This thread seems to think so! Therefore, I intend to implement a meta refresh of zero seconds on at least some of the pages of this blog, in order to test the theory and to ultimately move this blog, meager traffic and all, to its new domain which I mentioned a few days ago.
Typepad Support assured me that just by setting up and activating the new domain here at Typepad, search engines would recognize the new domain and it would start ranking, but I am not so sure it's that easy. So what if the site begins responding to DNS in a new way? The search engines will likely see this as duplicate content.
If this meta refresh approach works, perhaps I can keep a little bit of traffic while moving to the new domain. Unfortunately, this blog would probably have to have the second (target) set of files living on another Typepad instance or on another host entirely to prevent a circular redirect.
Doing so on a sitewide basis will only require a quick template change.... I may need to sleep on this as it's a pretty big step, yet it will be very interesting to see if the engines really do look at meta refreshing as the same as a 301 redirect.
It's surprising in some ways, but it makes good sense in others - Microsoft has purchased Danger, Inc, the maker of the Hiptop platform which I've written much about.
Seems like Danger has some piece of the picture that Microsoft wants to paint for their mobile efforts. Could it be the Hiptop user interface? Could it be the client-server part? Could it be the human expertise in running a managed platform like the Hiptop platform?
Let's recap the basics of Hiptop:
- Only some data is held on the device. Data is stored on servers at Danger, Inc.
- Web pages are resized by Danger's servers to help operate their web browser.
- Third party apps are hard to come by, because of a tightly-managed software ecosystem, but the apps are all J2ME apps.
- The OS on the device is Java-based.
- The Hiptop is known for its killer form factor, QWERT keyboard and flip-out screen.
Could Microsoft be seeking to leverage this line of thinking into a Zune phone or some kind of Xbox mobile device?
With few details in any of the coverage out there, it looks like there are more questions than answers. This one is worth keeping an eye on with Windows Mobile as an established player, with iPhone being so buzz-laden, and with Google's Android platform making waves.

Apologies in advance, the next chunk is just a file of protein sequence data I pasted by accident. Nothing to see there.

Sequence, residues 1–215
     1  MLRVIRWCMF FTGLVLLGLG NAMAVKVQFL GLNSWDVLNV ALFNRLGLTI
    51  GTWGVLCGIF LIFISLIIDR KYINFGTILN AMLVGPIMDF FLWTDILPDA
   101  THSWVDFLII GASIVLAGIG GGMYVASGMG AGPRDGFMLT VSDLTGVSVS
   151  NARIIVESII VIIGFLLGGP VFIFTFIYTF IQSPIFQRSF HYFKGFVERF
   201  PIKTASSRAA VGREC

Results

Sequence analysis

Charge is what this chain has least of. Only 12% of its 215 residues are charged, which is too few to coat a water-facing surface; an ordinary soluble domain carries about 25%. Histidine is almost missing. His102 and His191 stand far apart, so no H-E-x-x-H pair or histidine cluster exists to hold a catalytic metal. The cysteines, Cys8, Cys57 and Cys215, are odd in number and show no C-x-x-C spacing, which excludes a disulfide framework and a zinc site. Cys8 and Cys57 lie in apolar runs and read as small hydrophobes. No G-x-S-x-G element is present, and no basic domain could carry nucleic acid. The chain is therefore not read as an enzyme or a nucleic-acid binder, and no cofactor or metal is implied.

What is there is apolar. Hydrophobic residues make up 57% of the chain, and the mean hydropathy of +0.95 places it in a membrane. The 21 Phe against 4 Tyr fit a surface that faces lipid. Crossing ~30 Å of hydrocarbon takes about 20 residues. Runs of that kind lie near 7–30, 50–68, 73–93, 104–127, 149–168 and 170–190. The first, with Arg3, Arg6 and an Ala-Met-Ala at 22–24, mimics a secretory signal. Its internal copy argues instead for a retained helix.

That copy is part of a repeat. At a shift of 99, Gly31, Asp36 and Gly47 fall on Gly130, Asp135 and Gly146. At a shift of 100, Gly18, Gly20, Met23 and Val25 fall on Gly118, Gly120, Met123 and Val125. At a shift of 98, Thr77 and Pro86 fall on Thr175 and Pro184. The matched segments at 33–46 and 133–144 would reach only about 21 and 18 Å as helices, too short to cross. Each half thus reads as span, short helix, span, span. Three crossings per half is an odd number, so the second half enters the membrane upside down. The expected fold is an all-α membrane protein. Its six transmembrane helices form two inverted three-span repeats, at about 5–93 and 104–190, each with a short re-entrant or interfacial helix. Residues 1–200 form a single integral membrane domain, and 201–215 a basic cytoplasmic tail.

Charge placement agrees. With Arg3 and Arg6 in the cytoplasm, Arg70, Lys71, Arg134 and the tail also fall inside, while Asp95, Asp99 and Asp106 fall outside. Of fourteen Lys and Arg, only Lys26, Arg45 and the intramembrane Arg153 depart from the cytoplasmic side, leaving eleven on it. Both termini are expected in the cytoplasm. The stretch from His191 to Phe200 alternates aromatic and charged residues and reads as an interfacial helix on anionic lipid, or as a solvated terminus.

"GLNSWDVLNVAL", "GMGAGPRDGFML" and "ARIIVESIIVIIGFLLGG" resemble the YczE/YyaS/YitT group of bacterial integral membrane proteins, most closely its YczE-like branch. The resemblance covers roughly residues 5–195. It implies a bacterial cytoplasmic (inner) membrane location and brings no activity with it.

Today I see that Apple is giving a storage bump to the iPhone product line. The iPhone will now be coming in 8- and 16 GB flavors. With the formal release of the iPhone SDK and some way of getting third party apps onto the phone, it's looking very promising. Several guys in the office have them, and I am quite impressed with what I'm seeing of the stock iPhone models already; this storage bump only sweetens the deal more.
I'm still not sure if it's really going to be the phone for me when my existing contract is up in a few months, but I have plenty of time to observe and make the decision. I note that the iPhone setup is similar in philosophy to the Sidekick, which I liked very much and even miss today (having converted to a low-end Blackberry), though the iPhone is much more powerful.
I'd like to add more to these observations but I must get my sleep.
A quick announcement - this blog is moving! I found a couple of minutes to set it up as a subdirectory on my personal domain. Hopefully as a result of this move, I will be able to give the blog more of the attention it needs. I'm leaving it hosted on Typepad for the time being, so as to maintain traffic, so the new domain is simply pointing to this location. Once I've worked out all the details, I may move the entire blog to another host. I'm undecided on that aspect for now because there are many considerations to take into account such as broken links and search engine traffic.
The new home will ultimately be http://www.stephenelsner.com/connect2400/
The blog will respond at that address now, so please update any links in anticipation of Connect 2400's internal linking being updated.
From searching the web for a solution to the issue of Firefox displaying a scary warning message when visiting one of my sites that uses an inexpensive GoDaddy SSL Cert, I can see that the solution is out there but I want to make sure it's in at least one more place! Hopefully this post can save someone the searching time I spent.
Firefox needs to see an Intermediate Certificate. To get this Cert, visit the GoDaddy certificate repository. In my case, the problem was with IIS, so I downloaded the very last file listed, right before the CRLs: "Go Daddy PKCS7 Certificate Intermediates Bundle (for Windows IIS)
Once I got that file on my web server, I opened MMC, which in my case has the Certificates Snap-In already loaded. Add it if you don't - make sure it's set up for the Computer Account. Drill down on the Certificates, go to the Intermediate Certificates, right click, and do an import on that file I reference above.
The scary message should not appear after you have installed the Certificate Intermediates Bundle.